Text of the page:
We speak to Patrick Hunt, designer of the ROK Espresso Maker – an award-winning manual coffee machine that helps you create barista-style espresso at home with zero fuss.
“As a designer, I wanted to create a beautiful object for the kitchen that you’re happy to leave on the worktop. Something to last and consume little energy in use,” says Patrick Hunt, ROK’s CEO and Founder.
Cue the ROK Espresso Maker.
This beautiful piece of kit is the brainchild of ROK’s CEO & Founder Patrick Hunt who originally trained as a product designer and like many of us, has a passion for expert-crafted coffee.
This award-winning espresso coffee maker is a welcome alternative to today’s overly complicated and bulky electric coffee machines. There’s no confusing dials or buttons, it doesn’t ask for expensive coffee pods, and it won’t take up an entire kitchen worktop. It’s also surprisingly light.
How it works
The ROK Espresso Maker is completely manual. Just fill the portafilter with some decent espresso-ground beans, pour boiling water into the chamber at the top, and press down the arms to produce your espresso. Since all the parts are metal, it’s worth pre-warming everything to get your coffee to a good temperature.
The instructions go into more detail as the timings matter but believe us. It’s ridiculously easy once you’ve completed the process a few times. We even produced a decent crema, just like a barista would.
Once you’ve got your espresso, you can drink as is or top it up with water or frothed milk (ROK also sell a manual frother) if you prefer a flat white or latte.
Over to ROK’s CEO and founder, Patrick, to tell us more…
LM: Can you tell us a bit about yourself?
PH: I trained as a product designer and have been working as such for over 30 years. I designed the first version of the ROK espresso machine 18 years ago. I’m now full-time CEO of Presso, ROK’s parent company. I’m naturally inquisitive, love a good debate and once met Mother Teresa in Calcutta. We chatted about design.
LM: What made you decide to dedicate your career to coffee?
PH: Coffee is such a fascinating drink. Lovingly extracted it has lots of subtle notes derived from its treatment. From growing right through to final preparation. In some ways, this is similar to fine wine, but unlike wine, coffee requires the drinker to get involved. This could be from grinding the beans to brew strength and of course, the final style of coffee such as cappuccino. Wine just requires drinking!
LM: How did the concept of the ROK come about? What inspired your idea?
PH: It was driven by the desire to create the simplest way to make great coffee at home. As a designer, I also wanted to create a beautiful object for the kitchen that you’re happy to leave on the worktop. I figured everyone could boil water, so all that’s needed is a structure to load in coffee grounds and apply the extraction pressure.
I made loads of prototypes to test the idea and settled on what is now the ROK espresso maker. Lastly, but maybe most importantly, I wanted to make something to last and consume little energy in use.
LM: What sets ROK apart from other coffee brands?
PH: We try to make products which are as innovative as they are beautiful. We’re not interested in making just another version of something already out there. We also help people get closer to the process. Our second main product is a manual coffee grinder which is fun to use whilst producing first-class grounds. If you want to just press a button for your coffee, then ROK might not be for you.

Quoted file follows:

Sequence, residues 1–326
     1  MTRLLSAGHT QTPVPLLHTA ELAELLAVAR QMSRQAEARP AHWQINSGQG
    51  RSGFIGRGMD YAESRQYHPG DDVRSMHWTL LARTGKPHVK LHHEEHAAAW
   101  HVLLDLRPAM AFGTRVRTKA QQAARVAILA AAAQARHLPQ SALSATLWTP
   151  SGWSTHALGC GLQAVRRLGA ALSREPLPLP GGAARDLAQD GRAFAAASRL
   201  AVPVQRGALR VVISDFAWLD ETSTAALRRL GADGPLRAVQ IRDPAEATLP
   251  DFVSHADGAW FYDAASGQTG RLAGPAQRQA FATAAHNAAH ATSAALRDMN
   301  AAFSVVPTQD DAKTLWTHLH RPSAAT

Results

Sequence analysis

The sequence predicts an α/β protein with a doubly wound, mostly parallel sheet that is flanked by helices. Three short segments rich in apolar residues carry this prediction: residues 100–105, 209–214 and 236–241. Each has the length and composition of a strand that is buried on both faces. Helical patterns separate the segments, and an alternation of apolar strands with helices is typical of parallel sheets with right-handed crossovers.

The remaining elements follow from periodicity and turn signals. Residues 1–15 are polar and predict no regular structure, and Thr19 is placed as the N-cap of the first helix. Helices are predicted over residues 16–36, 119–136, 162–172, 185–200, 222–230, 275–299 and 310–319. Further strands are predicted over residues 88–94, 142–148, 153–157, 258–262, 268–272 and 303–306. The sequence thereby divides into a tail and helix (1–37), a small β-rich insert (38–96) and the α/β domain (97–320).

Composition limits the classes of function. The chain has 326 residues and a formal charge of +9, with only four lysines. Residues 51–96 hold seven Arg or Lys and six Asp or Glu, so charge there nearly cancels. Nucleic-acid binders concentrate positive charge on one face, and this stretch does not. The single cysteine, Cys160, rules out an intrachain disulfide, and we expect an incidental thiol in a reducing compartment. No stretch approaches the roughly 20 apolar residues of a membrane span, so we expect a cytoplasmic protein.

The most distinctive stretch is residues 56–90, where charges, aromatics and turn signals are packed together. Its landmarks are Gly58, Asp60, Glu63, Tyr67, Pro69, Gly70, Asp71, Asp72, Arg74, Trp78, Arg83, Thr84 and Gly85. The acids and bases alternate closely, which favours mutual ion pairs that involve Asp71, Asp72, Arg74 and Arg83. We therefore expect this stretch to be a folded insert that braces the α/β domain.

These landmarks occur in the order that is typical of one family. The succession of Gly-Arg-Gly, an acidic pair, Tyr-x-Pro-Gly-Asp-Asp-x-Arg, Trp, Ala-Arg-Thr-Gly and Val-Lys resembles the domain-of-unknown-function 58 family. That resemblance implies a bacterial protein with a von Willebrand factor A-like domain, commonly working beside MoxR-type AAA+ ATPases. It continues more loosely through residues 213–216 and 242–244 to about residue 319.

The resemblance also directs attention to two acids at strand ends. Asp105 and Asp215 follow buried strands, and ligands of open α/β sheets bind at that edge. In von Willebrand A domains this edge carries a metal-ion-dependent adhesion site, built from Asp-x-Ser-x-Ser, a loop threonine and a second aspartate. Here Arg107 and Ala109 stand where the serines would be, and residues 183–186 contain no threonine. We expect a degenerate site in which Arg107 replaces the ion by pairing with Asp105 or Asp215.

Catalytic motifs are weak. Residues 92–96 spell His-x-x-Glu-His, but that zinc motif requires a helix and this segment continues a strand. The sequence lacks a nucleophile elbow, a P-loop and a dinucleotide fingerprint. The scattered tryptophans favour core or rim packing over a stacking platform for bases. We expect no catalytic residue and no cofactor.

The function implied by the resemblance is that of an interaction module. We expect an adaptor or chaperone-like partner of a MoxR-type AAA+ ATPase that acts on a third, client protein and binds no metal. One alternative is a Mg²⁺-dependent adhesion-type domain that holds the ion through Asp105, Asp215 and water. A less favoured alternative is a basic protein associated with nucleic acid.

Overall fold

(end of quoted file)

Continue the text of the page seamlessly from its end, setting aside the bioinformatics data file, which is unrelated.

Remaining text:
LM: What has been your toughest challenge as a business so far?
PH: It was toughest in the early years. The big brands had the market all sewn up, and we were too ahead of the market. People weren’t ready for pulling a handcrafted coffee. Now, the market has really developed. Many coffee drinkers demand top quality, want this in their own home and have left instant coffee behind.
LM: What’s the most rewarding part about running your business.
PH: It was lovely to win several design awards for our espresso machine but actually hearing real stories from our ROK community are the most gratifying. All the hard work suddenly disappears.
LM: Do you have any advice for future product innovators?
PH: Challenge all assumptions and focus on the problems. Then you have something real to solve.
LM: Lots of food and drink companies are moving to sustainable production methods. Can you tell us more about what steps ROK are taking to do its bit?
PH: Sustainability is a foundation stone of ROK. I’m a great believer in the equation Sustainability = Longevity. Therefore, the longer the lifespan of a product, the more sustainable it is. A couple of years back, we engineered improvements which made better coffee. We then worked hard to ensure that ROK owners could simply upgrade their existing espresso machine rather than buying a new one.
LM: What trends have you observed in the coffee industry over the years?
PH: Diversity and choice have increased greatly. We’re coming toward the end of the mass-produced and commoditised version of coffee. In the past, intensive farming and roasting were done by a few large centralised corporations and distributed in high volume.
Today, consumers can choose a variety of locally-roasted, fresh artisan coffee. There’s a greater appreciation of differences in flavour found in single-origin coffee. Ensuring an ethical supply chain, thankfully, is also growing.
LM: And lastly, what’s your go-to coffee?
PH: Each morning, I make myself a ROK cappuccino. For beans, I love a lightly roasted Ethiopian Yirgacheffe.
To view the range of ROK products and for more information, visit www.rok.coffee.
Read more interviews by Luxurious Magazine in our dedicated section here.